Difference between pages ".XRY" and "Global Positioning System"

From ForensicsWiki
(Difference between pages)
Jump to: navigation, search
m (Update for 2012)
 
(Forensics)
 
Line 1: Line 1:
{{Infobox_Software |
+
The '''Global Positioning System''' ('''GPS''') is a satellite navigation system.
  name = XRY |
+
  maintainer = [[Micro Systemation]] |
+
  os = {{Windows}} |
+
  genre = {{Mobile forensics}} |
+
  license = {{Commercial}} |
+
  website = [http://www.msab.com www.msab.com] |
+
}}
+
  
'''XRY''', pronounced "ex-arr-why", is a forensic system specifically designed for analyzing mobile digital devices written by [[Micro Systemation]]. The software is designed to run on a Windows computer and will retrieve information from mobile devices for immediate display of the results or files can be saved for later analysis. At the time of writing support levels included smartphones, gps units and mobile tablets such as the iPad.
+
== Forensics ==
  
== Overview ==
+
There are several places where GPS information can found. It can be very useful for forensic investigations in certain situations. GPS devices have expanded their capabilites and features as the technology has improved. Some of the most popular GPS devices today are made by [http://www.TomTom.com TomTom]. Some of the other GPS manufacturors include [http://www.garmin.com Garmin] and [http://www.magellangps.com Magellan].
XRY comes complete as a package containing both hardware and software to read the device information. XRY currently includes the following hardware in the package; XRY Communications Unit, SIM Card Reader, Clone SIM Cards, Write-Protected Memory Card Reader & Complete set of Cables.  
+
  
The hardware is connected to a Windows computer using a USB cable and is capable of displaying immediate results from the device extraction.  
+
[http://www.cortextech.com/tomtom910.jpg Picture of TomTom910]
  
The software can grab phone book information, SMS and other text messages, MMS, call lists, calendar entries, task items, pictures, media files, and SIM card information. XRY also retrieves a lot of information about the phone itself, such as IMEI/ESN, IMSI, model no., matching between the clock in the telephone and the computer, etc. The latest version includes support for some smartphone applications such as Facebook, Myspace, Skype and Gmail.
+
TomTom provides a wide range of devices for biking, hiking, and car navigation. Depending on the capabilities of the model, several different types of digital evidence can be located on these devices. For instance, the [http://www.tomtom.com/products/product.php?ID=212&Category=0&Lid=1 TomTom 910] is basically a 20GB external harddrive. This model can be docked with a personal computer via a USB cable or through the use of Bluetooth technology. The listed features include the ability to store pictures, play MP3 music files, and connect to certain cell phones via bluetooth technology. Data commonly found on cell phones could easily be found on the TomTom910. Via the Bluetooth, the TomTom can transfer the entire contact list from your phone. The GPS unit also records your call logs and SMS messages. Research needs to be done to see if the TomTom stores actual trips conducted with the unit. This would include routes, times, and travel speeds.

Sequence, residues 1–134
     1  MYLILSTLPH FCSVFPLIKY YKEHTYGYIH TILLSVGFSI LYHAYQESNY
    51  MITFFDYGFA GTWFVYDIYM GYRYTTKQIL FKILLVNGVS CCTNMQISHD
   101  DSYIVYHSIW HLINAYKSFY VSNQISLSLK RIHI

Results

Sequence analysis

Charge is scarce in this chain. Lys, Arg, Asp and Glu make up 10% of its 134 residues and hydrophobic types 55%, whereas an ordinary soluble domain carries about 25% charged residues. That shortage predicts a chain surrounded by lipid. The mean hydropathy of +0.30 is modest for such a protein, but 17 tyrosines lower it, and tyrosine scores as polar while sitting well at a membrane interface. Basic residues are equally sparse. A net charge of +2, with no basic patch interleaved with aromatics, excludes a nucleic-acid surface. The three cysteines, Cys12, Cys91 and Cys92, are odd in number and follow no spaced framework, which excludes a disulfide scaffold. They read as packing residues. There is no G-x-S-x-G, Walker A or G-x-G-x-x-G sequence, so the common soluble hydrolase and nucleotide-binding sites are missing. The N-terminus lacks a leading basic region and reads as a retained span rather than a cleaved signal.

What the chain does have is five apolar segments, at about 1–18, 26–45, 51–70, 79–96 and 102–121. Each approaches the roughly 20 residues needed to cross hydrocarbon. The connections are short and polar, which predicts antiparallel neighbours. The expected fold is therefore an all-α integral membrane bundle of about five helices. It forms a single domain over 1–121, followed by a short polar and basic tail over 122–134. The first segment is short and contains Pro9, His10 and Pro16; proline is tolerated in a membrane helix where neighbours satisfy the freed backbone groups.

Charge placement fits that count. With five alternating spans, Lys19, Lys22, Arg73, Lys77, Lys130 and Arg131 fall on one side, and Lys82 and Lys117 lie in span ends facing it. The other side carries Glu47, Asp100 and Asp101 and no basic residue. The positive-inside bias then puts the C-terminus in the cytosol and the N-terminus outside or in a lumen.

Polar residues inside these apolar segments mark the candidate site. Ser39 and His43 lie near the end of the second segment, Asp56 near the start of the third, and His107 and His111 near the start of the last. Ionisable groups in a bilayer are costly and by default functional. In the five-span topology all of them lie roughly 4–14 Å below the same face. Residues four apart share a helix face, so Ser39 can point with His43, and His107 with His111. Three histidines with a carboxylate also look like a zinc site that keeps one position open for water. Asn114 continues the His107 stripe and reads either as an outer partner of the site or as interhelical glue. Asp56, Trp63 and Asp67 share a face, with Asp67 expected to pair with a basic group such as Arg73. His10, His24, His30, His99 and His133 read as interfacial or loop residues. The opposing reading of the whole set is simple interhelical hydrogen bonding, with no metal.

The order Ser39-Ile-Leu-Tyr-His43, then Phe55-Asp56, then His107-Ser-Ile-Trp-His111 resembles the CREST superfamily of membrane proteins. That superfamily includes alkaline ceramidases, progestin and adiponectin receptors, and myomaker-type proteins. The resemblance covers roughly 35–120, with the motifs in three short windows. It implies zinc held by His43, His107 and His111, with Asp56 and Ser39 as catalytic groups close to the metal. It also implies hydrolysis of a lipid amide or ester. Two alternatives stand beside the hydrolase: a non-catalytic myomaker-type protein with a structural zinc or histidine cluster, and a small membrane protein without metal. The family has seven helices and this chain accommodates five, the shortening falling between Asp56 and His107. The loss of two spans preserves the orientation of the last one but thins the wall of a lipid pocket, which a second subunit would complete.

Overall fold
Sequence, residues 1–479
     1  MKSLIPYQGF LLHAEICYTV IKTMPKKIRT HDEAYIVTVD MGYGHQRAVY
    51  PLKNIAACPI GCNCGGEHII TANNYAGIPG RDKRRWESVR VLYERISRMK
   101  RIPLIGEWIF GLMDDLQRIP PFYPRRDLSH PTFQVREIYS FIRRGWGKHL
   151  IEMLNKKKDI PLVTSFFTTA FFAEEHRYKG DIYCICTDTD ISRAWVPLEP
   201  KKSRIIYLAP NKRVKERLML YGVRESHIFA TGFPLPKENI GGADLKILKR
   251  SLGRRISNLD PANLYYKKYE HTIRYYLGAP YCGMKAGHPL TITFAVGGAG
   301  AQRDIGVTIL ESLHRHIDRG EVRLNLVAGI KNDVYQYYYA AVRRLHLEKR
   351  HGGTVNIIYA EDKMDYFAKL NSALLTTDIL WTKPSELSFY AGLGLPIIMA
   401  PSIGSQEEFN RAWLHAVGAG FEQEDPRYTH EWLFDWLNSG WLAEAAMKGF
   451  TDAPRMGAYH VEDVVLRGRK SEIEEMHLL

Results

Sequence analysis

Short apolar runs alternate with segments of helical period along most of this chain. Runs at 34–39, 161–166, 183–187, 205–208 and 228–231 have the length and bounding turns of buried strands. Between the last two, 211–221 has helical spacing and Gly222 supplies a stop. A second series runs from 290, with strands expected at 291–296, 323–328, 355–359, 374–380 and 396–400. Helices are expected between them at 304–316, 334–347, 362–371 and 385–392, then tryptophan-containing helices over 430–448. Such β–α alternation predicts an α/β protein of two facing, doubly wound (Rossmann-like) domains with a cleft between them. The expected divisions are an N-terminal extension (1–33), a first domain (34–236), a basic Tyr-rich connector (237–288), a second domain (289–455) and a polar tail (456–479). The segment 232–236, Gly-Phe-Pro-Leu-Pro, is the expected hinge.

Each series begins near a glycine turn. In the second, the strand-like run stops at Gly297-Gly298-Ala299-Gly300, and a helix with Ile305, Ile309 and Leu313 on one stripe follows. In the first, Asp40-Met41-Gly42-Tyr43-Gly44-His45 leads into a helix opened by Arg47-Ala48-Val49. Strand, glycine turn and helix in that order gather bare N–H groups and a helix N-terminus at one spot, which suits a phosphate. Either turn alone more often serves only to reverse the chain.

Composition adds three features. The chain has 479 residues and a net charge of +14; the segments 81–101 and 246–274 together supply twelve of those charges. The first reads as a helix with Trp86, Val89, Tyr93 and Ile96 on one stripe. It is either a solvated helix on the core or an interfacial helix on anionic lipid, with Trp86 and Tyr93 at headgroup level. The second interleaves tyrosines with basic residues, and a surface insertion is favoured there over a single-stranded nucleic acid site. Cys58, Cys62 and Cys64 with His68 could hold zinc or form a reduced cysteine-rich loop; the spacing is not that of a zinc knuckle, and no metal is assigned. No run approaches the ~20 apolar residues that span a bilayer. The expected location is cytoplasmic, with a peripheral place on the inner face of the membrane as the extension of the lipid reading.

The system generates an encrypted file called .XRY which contains a copy of all the information retrieved from the phone. The company also licences customers to free issue their XRY Reader application so these secure encrypted files can be read by authorized third parties.
+
The TomTom unit connects to a computer via a USB base station. An examiner should be able to acquire the image of the harddrive through a USB write blocker. If not, it may be necessary to remove the hard drive from the unit.  
  
One difference with XRY is that the software allows for the extraction of up to 3 different mobile devices simultaneously on the same computer from a single license key.
+
TomTom models such the TomTom One Regional, TomTom Europe, Go 510, Go 710 and the Go 720 store map data, favourites, and recent destinations on a removable SD card.  This allows the forensic examiner to remove the SD card and make a backup with a write blocked SD card reader.  The most important file for the forensic examiner will be the CFG file that is held in the map data directory.  This holds a list of all recent destinations that the user has entered into the device.  The information is held in a hex file and stores the represents grid coordinates of these locations.
  
== Supported devices ==
+
Certain TomTom models (Go 510, Go 910, Go 920 etc.) allow the user to pair their mobile phone to the device so they can use the TomTom as a hands free kit.  If the user has paired their phone to the TomTom device, then the TomTom will store the Bluetooth MAC ID for up to five phones, erasing the oldest if a sixth phone is paired. Depending on the phone model paired with the TomTom, there may also be Call lists, contacts and text messages (sent & received) stored in the device too. Automated forensic analysis for TomTom GPS units is possible with software from Digivence - Forensic Analyser - TomTom Edition.  [http://www.digivence.com/SCREEN%20OPTIMISED%20REPORT%20-%20Demo%2011072007%20163219.htm Sample Report]